Former IWI president Tom Grasso has been campaigning for eight years to bring back to life the enlarged (1842) Erie Canal in downtown Rochester, NY. The World Canals Conference was held here for the second time in September 2010. ‘The event took us a dramatic and profound step forward in terms of raising awareness of the Erie Canal’s potential today, its robustly storied past and the iconic 1842 aqueduct in downtown, for both the general public and the international assembly of delegates.’

‘The evening reception in the aqueduct, the “Dinner in the Ditch”, made a lasting impact. It still echoes in the community. Thanks to our sponsors, partners, and hard work of the planning committee the WCC was a world-class act of the highest caliber in program, content, and social events. Today we should build on the conference’s success and keep the momentum.

Artist's impression of the Erie Canal aqueduct over the Genesee River after restoration

‘We must not let the lessons learned and the ideas discussed wither and die. Now is the time to consider our City’s future while building upon the past. We need to use this opportunity to leverage other urban waterway development initiatives from around the world, not just our old Erie Canal and aqueduct.

‘Consider our history: America’s first inland boom in the early years was fueled by the construction of the Erie Canal. If not for the canal, Rochester would not be what it is today. The mid-1800s expansion of the second Erie Canal, the Enlarged Erie, through the City created the 1842 aqueduct (Broad Street Bridge) that still stands today, the only intact old Erie Canal urban aqueduct on the system.

‘By the early 20th century Rochester had outgrown the canal and when the fourth Erie Canal was completed in 1918 it took an end run around the city and the old canal bed was converted into a subway by roofing over the canal trench with Broad Street. The subway operated from c.1925 to 1956 when it too faded into oblivion.

‘The projected rewatering is all about turning historical features into engines of economic revitalization. Cities around the world have restored or are planning to restore their historic waterways: in Korea, Japan, China, France, Belgium, the Netherlands, England, Denmark,… North America is no exception as waterway projects, bristling with successful economic revitalization, have been completed in a number of cities: in Montreal, Oklahoma City, Providence, and San Antonio. The fact that water restoration projects have been successful in so many different countries proves that it is a cross-cultural phenomenon and a primal basic instinct uniting all of humanity: attraction to water.

‘Rochester decision-makers are unable to commit to major public investments in the current climate. Yet developers know that waterfront property is more valuable; there are no substitutes for waterways in urban settings as engines of economic revitalization and regeneration. Imagine what it would be like to live, walk or eat dinner right next to the water on Broad Street, as you can do in Pittsford or Fairport. A waterway with boats and a wide promenade is a magnet for housing, shops and restaurants, bringing new jobs.

‘Canal Development is a proven money-maker; the British have made significant investments in canals to revitalize urban areas. In his book Britain’s Restored Canals, Roger Squires points to restoration as a catalyst for economic growth : over $12 billion equivalent has been derived from canal redevelopment.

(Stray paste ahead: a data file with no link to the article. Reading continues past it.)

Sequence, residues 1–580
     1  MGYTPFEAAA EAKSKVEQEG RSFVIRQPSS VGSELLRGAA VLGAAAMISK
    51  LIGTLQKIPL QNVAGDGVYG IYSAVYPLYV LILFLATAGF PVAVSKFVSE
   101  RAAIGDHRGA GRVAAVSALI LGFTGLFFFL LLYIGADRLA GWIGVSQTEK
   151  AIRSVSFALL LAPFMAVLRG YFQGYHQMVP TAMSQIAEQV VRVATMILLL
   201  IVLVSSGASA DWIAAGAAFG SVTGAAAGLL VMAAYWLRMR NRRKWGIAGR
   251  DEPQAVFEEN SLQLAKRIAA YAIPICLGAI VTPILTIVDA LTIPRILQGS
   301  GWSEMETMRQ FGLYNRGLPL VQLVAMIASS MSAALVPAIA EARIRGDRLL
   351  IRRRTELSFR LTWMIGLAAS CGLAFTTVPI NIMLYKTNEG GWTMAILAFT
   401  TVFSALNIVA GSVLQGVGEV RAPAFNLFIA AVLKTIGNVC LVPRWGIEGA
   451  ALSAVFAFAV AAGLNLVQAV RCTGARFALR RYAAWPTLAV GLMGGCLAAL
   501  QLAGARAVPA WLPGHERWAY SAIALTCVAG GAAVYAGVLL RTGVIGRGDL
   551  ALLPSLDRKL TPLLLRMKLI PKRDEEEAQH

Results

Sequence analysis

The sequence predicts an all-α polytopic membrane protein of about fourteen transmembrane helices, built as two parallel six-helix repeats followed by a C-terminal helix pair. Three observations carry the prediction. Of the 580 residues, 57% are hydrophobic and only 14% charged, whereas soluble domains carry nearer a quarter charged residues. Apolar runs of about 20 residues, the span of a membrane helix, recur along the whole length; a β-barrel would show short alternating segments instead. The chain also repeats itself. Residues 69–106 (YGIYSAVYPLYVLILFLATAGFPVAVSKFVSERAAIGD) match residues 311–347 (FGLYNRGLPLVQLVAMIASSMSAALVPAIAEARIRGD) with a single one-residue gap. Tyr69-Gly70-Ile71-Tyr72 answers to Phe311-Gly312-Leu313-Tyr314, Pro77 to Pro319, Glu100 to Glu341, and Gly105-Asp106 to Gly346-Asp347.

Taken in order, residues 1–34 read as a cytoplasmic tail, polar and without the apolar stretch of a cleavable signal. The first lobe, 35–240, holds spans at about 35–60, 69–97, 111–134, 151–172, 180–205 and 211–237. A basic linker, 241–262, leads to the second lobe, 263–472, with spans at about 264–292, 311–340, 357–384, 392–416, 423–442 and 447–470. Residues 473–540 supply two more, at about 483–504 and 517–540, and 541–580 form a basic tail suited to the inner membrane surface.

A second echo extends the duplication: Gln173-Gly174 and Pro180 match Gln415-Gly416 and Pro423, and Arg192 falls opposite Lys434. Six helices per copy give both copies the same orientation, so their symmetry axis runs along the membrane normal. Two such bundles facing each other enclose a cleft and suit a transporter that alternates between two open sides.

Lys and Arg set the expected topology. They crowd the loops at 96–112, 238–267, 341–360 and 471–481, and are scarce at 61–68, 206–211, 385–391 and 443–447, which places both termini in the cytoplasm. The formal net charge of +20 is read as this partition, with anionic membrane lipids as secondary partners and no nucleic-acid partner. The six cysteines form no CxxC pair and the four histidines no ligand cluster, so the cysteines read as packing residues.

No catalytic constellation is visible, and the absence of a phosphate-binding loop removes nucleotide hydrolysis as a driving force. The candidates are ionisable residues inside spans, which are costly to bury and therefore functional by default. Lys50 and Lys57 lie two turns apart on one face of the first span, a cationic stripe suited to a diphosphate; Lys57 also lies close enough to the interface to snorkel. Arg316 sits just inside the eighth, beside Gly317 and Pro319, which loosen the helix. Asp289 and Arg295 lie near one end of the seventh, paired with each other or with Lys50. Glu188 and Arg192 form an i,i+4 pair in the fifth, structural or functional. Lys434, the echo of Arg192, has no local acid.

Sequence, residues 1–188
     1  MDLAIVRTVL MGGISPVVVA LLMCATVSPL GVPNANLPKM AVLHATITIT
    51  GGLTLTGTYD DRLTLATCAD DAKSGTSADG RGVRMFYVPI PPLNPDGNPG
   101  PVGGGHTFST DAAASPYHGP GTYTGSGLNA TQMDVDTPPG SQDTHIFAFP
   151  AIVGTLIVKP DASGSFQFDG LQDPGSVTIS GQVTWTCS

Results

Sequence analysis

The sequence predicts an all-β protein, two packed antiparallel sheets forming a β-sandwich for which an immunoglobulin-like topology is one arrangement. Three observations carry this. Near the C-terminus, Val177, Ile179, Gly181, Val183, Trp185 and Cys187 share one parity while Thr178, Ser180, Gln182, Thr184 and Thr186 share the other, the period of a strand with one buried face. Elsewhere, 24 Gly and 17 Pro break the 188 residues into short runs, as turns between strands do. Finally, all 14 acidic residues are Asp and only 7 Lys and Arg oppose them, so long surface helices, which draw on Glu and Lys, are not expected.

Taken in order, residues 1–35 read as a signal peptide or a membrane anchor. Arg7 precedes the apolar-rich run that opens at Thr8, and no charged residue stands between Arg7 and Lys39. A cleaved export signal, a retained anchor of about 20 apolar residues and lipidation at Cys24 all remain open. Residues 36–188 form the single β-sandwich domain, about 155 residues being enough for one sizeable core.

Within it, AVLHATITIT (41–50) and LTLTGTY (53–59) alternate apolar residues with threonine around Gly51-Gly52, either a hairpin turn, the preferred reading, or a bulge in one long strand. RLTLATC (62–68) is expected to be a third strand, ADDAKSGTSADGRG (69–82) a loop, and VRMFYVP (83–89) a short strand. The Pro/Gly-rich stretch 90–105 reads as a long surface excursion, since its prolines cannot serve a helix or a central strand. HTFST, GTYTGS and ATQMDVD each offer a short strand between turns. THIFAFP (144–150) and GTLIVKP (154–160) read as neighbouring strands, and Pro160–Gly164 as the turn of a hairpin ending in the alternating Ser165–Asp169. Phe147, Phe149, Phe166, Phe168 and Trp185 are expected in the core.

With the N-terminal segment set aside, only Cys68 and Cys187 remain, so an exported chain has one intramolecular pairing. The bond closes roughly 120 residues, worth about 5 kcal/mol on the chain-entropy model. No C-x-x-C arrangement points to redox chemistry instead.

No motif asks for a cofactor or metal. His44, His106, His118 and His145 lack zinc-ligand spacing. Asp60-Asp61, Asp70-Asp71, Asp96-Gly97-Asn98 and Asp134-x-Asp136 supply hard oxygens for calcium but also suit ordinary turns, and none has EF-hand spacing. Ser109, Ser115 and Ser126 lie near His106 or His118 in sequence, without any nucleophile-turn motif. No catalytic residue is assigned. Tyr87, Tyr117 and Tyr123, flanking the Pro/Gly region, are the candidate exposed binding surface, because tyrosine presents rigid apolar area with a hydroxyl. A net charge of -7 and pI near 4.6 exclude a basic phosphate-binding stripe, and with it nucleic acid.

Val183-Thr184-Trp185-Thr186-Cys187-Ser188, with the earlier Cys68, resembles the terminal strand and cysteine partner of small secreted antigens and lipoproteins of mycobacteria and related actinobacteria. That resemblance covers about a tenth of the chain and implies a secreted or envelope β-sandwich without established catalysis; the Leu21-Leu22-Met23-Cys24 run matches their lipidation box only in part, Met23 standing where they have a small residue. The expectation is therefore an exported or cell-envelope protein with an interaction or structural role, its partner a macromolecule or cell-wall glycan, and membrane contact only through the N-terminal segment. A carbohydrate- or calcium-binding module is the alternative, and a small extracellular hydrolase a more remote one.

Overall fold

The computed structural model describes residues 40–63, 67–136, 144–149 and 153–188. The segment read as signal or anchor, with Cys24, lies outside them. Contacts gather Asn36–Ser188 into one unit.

‘To keep this project alive, we must keep up the pressure, but it is a constant struggle. An overwhelming majority of the delegates at the 2010 conference urged us to continue bringing the old Erie Canal to life again through downtown Rochester. We have received messages of support from the Chairman of British Waterways, and Jim Stirling, engineer, who led the BW team that built that the Falkirk Wheel in Scotland and restored the two canals that the Wheel united. He stated in the September 24th 2010 issue of the Democrat & Chronicle that a canal brought back to life is a like a magnet that draws people and businesses such as pubs, marinas, as well as light commercial developments and residences.

‘This economic model can work in a city like Rochester! Magical canal and waterway restorations have converted a no-go industrial canal wasteland in Oklahoma City, virtually nothing but a streetscape, into something wonderful and really special. We in Rochester also have the opportunity to accomplish something truly exceptional but with the added value of brand-name recognition. Restoration of the iconic old Erie Canal will have a robust economic impact on the downtown Historic Old Erie Canal District corridor and the city as a whole. Canal history has handed us a gift : we have, cradled in our hands, an enormous opportunity to achieve something truly special. Who among us can envisage consciously taking something so special and, in direct contrast to Oklahoma City, transforming it into absolutely nothing?

‘Now we have set up the World Canals Conference 2020 Planning Committee. We know that we will be in competition with other host countries and cities. But our ambition is to host the event in the year 2020 to inaugurate either the construction of or the grand opening of a fully re-watered old Erie Canal into downtown Rochester. The Committee plans to consign to history a century of wanton neglect, and to celebrate in 2020 the complete revival of Erie’s water downtown, as an engine of economic revitalization.’

(Interview with Tom Grasso in May 2011)